Clerks and Copy-Boys or Winning the War? You can’t have both. A friend recently sent me a copy of a letter from the Duke to Wellington, August 1812, to the British Foreign Office, London.
Just to put the letter in context. At the time, Wellington was on the way to Madrid, ‘dragging an army over barren plains’. Attempting to defeat Napoleon and remove the French armies from Spain. It wasn’t an ‘easy’ day at the office.
In the midst of the warfare, Wellington was required to ‘account’ for the resources at his disposal. An audit if you like. The letter (see below) explains the challenges of carrying out such a measurement exercise, under difficult circumstances. Wellington specifically apologies for the ‘hideous confusion as to the number of jars of raspberry jam issued to one cavalry regiment during a sandstorm’.
Wellington wraps up the letter with an important basic question. What do you want me to do? Measure things or win a war? I can’t do both!
You can’t have both. Depending on your point of view, Wellington’s letter could be; an entirely factual statement, mildly humorous or a deeply sarcastic dig at bureaucracy. Wellington does have a point though, which is why my friend “insisted” I read it. But, what if there is another viewpoint…?
Chasing fraud during a pandemic. If you want to put ‘jars of raspberry jam’ into perspective, have a read of this from the Institute of Government: ‘Lord Agnew is right: Covid support write-offs merit more resources’. Some of the numbers quoted in the article are eye-wateringly large. But the thing to concentrate on is that almost £5 Billion of grants, business support loans and other handouts have already been written off to fraud and criminal activity. It’s also worth noting that ‘more could have been done’ to put a few checks and balances in place at the start of the system. It’s a sobering read, particularly if you are a tax payer, with the prospect of shouldering this burden for many years to come.
I think it would be a fair assumption that even the Duke of Wellington might have asked for a few more Clerks, Copy-Boys, Accountants and Counter Fraud Specialists to do a bit of measuring in the circumstances…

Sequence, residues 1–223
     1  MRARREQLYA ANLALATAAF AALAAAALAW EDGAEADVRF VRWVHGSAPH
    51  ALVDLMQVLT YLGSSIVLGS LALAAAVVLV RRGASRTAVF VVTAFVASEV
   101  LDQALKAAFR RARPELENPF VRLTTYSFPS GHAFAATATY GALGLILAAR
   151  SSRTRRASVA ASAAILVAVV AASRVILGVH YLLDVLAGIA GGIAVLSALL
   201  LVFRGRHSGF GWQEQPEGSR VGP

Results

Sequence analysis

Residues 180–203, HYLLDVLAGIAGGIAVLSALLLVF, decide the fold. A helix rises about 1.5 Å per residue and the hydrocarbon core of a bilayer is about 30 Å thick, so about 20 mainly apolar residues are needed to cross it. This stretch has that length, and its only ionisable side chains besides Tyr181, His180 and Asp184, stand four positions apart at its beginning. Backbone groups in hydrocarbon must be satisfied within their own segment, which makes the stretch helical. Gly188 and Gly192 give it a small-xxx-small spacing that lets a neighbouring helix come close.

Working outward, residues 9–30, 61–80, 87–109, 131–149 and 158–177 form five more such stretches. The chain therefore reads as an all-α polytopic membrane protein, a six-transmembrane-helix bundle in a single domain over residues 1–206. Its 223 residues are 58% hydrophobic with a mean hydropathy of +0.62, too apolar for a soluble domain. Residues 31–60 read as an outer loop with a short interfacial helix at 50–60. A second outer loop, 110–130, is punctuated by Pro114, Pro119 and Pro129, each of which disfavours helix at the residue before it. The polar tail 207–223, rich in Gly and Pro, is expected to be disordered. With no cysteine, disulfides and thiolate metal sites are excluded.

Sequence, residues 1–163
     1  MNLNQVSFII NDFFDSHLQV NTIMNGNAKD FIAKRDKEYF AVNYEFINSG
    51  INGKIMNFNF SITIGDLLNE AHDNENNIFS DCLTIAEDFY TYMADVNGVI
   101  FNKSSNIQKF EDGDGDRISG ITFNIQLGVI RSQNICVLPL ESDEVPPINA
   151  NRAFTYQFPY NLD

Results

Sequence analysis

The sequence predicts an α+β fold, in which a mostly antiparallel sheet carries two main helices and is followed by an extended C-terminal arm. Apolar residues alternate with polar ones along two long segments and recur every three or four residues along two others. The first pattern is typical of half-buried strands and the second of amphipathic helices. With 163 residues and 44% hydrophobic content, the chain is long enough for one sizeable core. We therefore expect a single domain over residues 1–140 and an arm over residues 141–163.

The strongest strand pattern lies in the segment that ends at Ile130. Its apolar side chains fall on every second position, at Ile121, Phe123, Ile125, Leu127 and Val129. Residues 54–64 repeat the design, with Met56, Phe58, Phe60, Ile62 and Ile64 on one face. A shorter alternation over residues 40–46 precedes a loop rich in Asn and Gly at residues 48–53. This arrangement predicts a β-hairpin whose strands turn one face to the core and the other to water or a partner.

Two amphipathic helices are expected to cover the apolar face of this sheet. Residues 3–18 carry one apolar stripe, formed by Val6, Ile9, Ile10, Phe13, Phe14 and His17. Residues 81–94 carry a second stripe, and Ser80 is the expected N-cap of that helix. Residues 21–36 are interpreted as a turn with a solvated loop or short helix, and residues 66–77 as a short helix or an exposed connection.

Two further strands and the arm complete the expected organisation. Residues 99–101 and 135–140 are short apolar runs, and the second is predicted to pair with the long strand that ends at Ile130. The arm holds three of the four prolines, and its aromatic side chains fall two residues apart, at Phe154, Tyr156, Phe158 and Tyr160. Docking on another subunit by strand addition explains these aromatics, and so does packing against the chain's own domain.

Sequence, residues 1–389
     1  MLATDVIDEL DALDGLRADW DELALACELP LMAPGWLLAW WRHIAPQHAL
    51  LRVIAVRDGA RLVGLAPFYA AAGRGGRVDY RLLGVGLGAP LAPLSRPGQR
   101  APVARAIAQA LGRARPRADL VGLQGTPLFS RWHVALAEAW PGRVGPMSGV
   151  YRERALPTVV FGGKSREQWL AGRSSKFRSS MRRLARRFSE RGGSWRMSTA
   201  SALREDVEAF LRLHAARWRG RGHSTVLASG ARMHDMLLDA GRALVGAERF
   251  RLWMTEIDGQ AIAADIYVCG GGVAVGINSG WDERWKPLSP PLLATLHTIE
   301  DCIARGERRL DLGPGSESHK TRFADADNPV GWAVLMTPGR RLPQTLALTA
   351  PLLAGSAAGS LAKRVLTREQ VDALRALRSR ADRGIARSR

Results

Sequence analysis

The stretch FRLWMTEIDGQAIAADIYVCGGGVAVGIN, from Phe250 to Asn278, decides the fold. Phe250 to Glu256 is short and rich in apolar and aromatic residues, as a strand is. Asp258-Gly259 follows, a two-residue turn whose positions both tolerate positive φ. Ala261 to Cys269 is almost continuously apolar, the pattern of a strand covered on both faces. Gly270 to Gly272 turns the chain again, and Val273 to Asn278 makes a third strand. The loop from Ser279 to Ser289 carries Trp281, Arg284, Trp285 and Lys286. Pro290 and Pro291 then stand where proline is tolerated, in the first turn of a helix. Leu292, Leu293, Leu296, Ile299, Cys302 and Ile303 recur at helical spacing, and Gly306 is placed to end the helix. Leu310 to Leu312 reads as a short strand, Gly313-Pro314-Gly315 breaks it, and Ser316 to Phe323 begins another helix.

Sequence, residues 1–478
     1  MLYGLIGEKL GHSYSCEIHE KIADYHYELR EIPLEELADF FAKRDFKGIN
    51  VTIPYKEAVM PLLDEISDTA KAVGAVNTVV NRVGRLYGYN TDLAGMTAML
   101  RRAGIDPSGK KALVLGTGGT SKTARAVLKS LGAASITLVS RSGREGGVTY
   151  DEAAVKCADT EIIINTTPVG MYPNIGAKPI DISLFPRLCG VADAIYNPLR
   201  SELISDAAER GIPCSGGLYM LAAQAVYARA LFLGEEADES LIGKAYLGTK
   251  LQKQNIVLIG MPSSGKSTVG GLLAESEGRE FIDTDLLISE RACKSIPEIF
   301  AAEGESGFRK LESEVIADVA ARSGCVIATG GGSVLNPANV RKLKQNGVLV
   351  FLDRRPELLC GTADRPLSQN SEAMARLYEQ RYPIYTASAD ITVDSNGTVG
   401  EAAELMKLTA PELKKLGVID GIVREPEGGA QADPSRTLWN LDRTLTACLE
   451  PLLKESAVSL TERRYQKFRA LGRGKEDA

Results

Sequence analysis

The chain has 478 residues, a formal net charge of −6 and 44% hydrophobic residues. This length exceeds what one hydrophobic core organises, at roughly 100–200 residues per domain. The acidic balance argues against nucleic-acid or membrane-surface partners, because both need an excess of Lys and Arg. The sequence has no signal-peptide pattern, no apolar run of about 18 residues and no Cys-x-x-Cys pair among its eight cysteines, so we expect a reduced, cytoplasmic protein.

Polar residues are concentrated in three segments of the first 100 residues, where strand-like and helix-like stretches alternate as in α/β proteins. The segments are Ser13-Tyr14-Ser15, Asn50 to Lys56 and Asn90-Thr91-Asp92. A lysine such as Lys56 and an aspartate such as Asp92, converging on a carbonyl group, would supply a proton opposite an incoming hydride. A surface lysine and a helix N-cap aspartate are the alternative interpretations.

The Goldilocks Zone of Measurement. So where does this leave us? Measuring things is an extremely difficult pastime. I’ve spent more time than I’d ever imagined talking about it, observing it, trying things and going back to talking about it. I’ve even written things about it.
- The Dangerous Olive of Evidence. This looks at the problem around what we actually measure. Evidence is just like an olive. There are many things we could measure (the green/black olive flesh) but we just tend to focus on the easily quantifiable, hard, generally money focused things (the woody olive pip).
- Outcome Measurement is a Dead Cobra. This tries to unpick the challenges of creating measures (to hold people to account) for complex situations. The Dead Cobra is just a way of explaining how the act of measurement can lead to unintended consequences.
The point for me in all of this is that it isn’t a binary choice where you can have one or the other, not both. Either ‘Copy-Boys or Winning the War’, not both. There has to be a happy medium around this, the Goldilocks Zone of not too hot and not too cold, but ‘just right’. Getting to ‘just right’ does of course take time and effort. But there are plenty of things that could help you down that path. From my perspective;
- Will the measurement activity help or hinder them in delivering their objectives? (If it’s mostly hinder, expect some Duke of Wellington push-back)
- Is it in proportion to the scale of activity and the risks? (Lost jars of Raspberry Jam in sandstorm, really?)
- What does the measurement activity cost? Somebody is paying for this. (I always liked the example of a grant giving body that kept it’s administration fees at around the 2.5% mark).
Co-creating the Measures. Finally, this might not be popular with some of the people who do measurement, but why not ask the punters?
Most of them aren’t out to do bad stuff, and most of them are as concerned about the people committing fraud and doing bad stuff as you (and the rest of us) are. If you came up with a system that properly involved the ‘good honest people’ helping to shape the measurement, there might be a change in how they engage with it? It might even release some resources to do the measurement that really needs doing…?
So, What’s the PONT?
- Measurement isn’t a neutral activity. It takes time, effort and usually has an impact. Time, effort and impact that could be diverting people away from the important stuff (Removing Napoleon from Spain).
- Measurement should have a ‘businesses case’ that is as robust as the business case for the things the measurement system intends to measure. Including a value for money assessment.
- How about getting the punters to help co-create the measurement systems?